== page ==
The lower housing 70 further contains a flex circuit assembly 87 which provides for electrical contact between system components. This flex circuit assembly 87 electrically connects standard rotary switch 91 as employed in the AN/PVS-7 system with the battery power supply. This switch provides the following controls: OFF/SYSTEM ON/MOMENTARY IR ON/LOCKED IR ON. The SYSTEM ON mode is reached by turning clockwise from the OFF position. When the switch is positioned to SYSTEM ON mode, the tube is operational; however, the IR capability is non-functional in this mode. The switch is spring loaded such that turning of the switch knob 91 in the clockwise direction for SYSTEM ON mode activates the MOMENTARY IR ON mode to permit IR signaling. In this manner, one may use the MOMENTARY IR ON mode to send Morse Code or other such signaling in a covert manner. Locked IR ON mode provides continuous IR feature and is enabled by pulling the switch knob towards the user and turning in a clockwise manner to allow engagement of this mode. Note that the switch is electrically coupled to potentiometer 27 (FIG. 3) for user adjustment of the image intensifier's gain level. Two female pin connectors are also part of the flex circuit assembly. These connectors are attached to the two contacts 82 in the upper housing assembly when the upper and lower housings are assembled. FIG. 13 provides a circuit schematic of the electronics in the lower housing including the PCB and contact points/terminals.
FIG. 7 shows a battery spring assembly 100 comprising a spring holder 102 and two conical springs 104, 106. The battery spring assembly 100 is located at the bottom or base of battery cavity 80 and provides springable electrical contacts for the batteries. Electrical connectivity is communicated via the extension wires 103 to the flex circuit assembly on the lower housing for providing power to the device. Because the assembly consists of only three parts, the piece part count and assembly process is greatly simplified. Note that the battery cartridge 90 is assembled to the lower housing 70 by simply orienting the cartridge with the lower housing and pushing the cartridge 90 into the battery cavity 80 until extensions 93A and 93B (FIG. 6) engage slots 81 and 83 (FIG. 5B). In this configuration, the conical springs provide electrical connectivity and physical resistance to the batteries to cause the battery cartridge to springably eject from the housing upon depression of the levers.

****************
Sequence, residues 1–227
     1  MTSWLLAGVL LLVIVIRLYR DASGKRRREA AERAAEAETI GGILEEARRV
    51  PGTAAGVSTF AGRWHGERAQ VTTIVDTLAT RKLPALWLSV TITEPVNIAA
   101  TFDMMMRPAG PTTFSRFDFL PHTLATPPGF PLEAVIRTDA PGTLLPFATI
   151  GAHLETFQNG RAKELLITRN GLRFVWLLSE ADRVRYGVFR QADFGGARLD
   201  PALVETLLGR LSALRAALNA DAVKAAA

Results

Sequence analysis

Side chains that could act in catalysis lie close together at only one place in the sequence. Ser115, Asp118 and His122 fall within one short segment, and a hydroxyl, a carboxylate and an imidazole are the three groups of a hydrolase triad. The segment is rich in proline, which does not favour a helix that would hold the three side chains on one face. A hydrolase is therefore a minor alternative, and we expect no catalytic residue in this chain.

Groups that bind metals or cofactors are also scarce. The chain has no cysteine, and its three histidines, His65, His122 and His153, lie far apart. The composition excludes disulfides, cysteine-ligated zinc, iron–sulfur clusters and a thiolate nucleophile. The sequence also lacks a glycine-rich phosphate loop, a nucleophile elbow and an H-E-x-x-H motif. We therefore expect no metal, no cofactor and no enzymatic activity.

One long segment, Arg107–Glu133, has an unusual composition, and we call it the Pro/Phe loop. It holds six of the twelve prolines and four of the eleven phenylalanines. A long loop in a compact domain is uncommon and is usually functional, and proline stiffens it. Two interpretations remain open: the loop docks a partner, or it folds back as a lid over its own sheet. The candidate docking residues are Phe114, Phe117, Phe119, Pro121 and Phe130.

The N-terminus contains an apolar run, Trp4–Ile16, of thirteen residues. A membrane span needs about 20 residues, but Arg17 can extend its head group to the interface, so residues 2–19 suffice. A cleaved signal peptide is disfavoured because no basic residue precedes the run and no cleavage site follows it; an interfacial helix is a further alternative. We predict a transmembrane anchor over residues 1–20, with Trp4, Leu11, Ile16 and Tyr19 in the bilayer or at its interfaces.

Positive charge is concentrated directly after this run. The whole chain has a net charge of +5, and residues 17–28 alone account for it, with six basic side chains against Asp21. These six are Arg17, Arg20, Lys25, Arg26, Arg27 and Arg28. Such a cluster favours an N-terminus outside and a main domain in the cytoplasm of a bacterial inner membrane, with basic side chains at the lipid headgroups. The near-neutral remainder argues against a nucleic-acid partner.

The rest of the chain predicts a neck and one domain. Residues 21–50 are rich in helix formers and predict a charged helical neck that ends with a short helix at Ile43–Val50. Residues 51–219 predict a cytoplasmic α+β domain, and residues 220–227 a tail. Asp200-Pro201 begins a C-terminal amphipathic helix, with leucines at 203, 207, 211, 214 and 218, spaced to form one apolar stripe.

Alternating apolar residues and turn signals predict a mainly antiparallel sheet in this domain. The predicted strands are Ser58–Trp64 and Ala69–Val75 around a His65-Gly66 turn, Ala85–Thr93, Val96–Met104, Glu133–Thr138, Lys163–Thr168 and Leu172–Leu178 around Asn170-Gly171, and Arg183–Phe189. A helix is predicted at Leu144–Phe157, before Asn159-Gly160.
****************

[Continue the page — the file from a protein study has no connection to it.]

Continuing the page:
As shown in FIG. 5B, two lanyard loops 110 integrally extend from the rear 84 of the lower housing 70 to provide fastening points for a lanyard. The size and dimension of the lanyard loops allow for a standard lanyard (neck cord) such as used in the AN/PVS-7 monocular device to be threaded through and fastened.
FIG. 4A further shows a mounting socket 51 on the outer surface 53 of upper housing assembly 50 for mounting to an apparatus such as a head/helmet mount adapter or small arms mounting adapter. Preferably, mounting socket 51 is a 1/4" threaded insert. Proximal to the mounting socket, and preferably directly below, on surface 53, is a triangular alignment feature 55 which aids in both aligning and orienting the head/helmet mount adapter or small arms mounting adapter. Two contacts 58 positioned adjacent to the mounting socket provide electrical contact between the monocular night vision device 10 and the head/helmet mount adapter.